(3) Exception for hedging transactions  This subsection shall not apply in the case of any hedging transaction (as defined in section 1256(e)).

(4) Application with other provisions

(A) Subsection (c)  In the case of any short sale, this subsection shall be applied after subsection (h).

(B) Section 1277 or 1282  In the case of any obligation to which section 1277 or 1282 applies, this subsection shall be applied after section 1277 or 1282.

(h) Payments in lieu of dividends in connection with short sales

(1) In general If –

(A) a taxpayer makes any payment with respect to any stock used by such taxpayer in a short sale and such payment is in lieu of a dividend payment on such stock, and

(B) the closing of such short sale occurs on or before the 45th day after the date of such short sale, then no deduction shall be allowed for such payment. The basis of the stock used to close the short sale shall be increased by the amount not allowed as a deduction by reason of the preceding sentence.

(2) Longer period in case of extraordinary dividends  If the payment described in paragraph (1)(A) is in respect of an extraordinary dividend, paragraph (1)(B) shall be applied by substituting ”the day 1 year after the date of such short sale” for ”the 45th day after the date of such short sale”.

(3) Extraordinary dividend  For purposes of this subsection, the term ”extraordinary dividend” has the meaning given to such term by section 1059(c); except that such section shall be applied by treating the amount realized by the taxpayer in the short sale as his adjusted basis in the stock.

(4) Special rule where risk of loss diminished  The running of any period of time applicable under paragraph (1)(B) (as modified by paragraph (2)) shall be suspended during any period in which

(A) the taxpayer holds, has an option to buy, or is under a contractual obligation to buy, substantially identical stock or securities, or  (B) under regulations prescribed by the Secretary, a taxpayer has diminished his risk of loss by holding 1 or more other positions with respect to substantially similar or related property.

(5) Deduction allowable to extent of ordinary income from amounts  paid by lending broker for use of collateral

(A) In general  Paragraph (1) shall apply only to the extent that the payments or distributions with respect to any short sale exceed the amount which –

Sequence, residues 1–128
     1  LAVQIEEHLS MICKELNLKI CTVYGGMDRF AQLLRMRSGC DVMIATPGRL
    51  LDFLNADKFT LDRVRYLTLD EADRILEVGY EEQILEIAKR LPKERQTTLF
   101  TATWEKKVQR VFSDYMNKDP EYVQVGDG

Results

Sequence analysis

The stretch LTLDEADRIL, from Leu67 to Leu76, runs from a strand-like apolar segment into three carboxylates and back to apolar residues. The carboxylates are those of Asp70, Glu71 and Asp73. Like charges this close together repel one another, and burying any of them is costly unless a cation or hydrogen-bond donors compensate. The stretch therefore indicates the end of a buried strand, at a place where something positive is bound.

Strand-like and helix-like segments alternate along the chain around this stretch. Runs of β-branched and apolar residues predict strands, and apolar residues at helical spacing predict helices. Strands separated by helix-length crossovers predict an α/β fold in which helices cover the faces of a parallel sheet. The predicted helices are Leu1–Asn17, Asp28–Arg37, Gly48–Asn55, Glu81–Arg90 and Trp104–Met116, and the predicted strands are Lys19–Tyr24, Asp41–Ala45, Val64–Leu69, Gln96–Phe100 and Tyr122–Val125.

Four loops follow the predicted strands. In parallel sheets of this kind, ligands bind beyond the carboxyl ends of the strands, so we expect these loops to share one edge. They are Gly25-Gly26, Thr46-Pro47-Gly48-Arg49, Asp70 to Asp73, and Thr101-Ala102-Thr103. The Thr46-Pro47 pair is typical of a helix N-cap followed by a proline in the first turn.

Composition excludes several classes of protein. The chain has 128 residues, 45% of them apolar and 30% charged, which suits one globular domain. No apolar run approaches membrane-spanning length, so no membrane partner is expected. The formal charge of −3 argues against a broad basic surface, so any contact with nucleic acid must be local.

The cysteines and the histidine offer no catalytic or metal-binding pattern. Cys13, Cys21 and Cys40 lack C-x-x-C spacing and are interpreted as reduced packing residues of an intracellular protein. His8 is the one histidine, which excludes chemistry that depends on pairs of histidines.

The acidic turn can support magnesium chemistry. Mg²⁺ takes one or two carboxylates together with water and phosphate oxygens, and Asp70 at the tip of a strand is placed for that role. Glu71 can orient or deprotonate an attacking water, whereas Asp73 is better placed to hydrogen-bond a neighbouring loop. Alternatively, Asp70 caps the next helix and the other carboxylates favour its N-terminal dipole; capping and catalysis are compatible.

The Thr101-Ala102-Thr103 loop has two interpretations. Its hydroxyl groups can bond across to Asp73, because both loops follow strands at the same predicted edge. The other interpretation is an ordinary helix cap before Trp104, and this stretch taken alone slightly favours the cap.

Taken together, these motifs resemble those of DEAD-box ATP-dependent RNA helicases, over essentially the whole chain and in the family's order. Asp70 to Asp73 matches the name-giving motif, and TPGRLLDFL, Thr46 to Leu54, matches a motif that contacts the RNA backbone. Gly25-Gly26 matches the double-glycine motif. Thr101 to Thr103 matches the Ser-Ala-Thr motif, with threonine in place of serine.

(i) is treated as ordinary income by the taxpayer, and  (ii) is received by the taxpayer as compensation for the use of any collateral with respect to any stock used in such short sale.

(B) Exception not to apply to extraordinary dividends  Subparagraph (A) shall not apply if one or more payments or distributions is in respect of an extraordinary dividend.

(6) Application of this subsection with subsection (g) In the case of any short sale, this subsection shall be applied before subsection (g).

(i) Special rules for intangible drilling and development costs  incurred outside the United States  In the case of intangible drilling and development costs paid or incurred with respect to an oil, gas, or geothermal well located outside the United States –

(1) subsection (c) shall not apply, and

(2) such costs shall –

(A) at the election of the taxpayer, be included in adjusted basis for purposes of computing the amount of any deduction allowable under section 611 (determined without regard to section 613), or

(B) if subparagraph (A) does not apply, be allowed as a deduction ratably over the 10-taxable year period beginning with the taxable year in which such costs were paid or incurred. This subsection shall not apply to costs paid or incurred with respect to a nonproductive well.


*Eddleman & Eddleman does provide tax advice; however, such advice is specific to the circumstances of each individual or entity’s situation. The above outline of tax benefits, while generally applicable for most investors in oil and gas drilling projects are mere examples and this document is not intended to cover all tax consequences. Each investor must consult with his/her own tax advisor with respect to individual tax matters. Tax advice provided by the firm Eddleman & Eddleman is provided by accountants within the firm and not Mr. Eddleman himself. Adrian Eddleman is not a CPA. Tax laws change often and information provided herein should also be verified against current tax codes, rulings, opinions.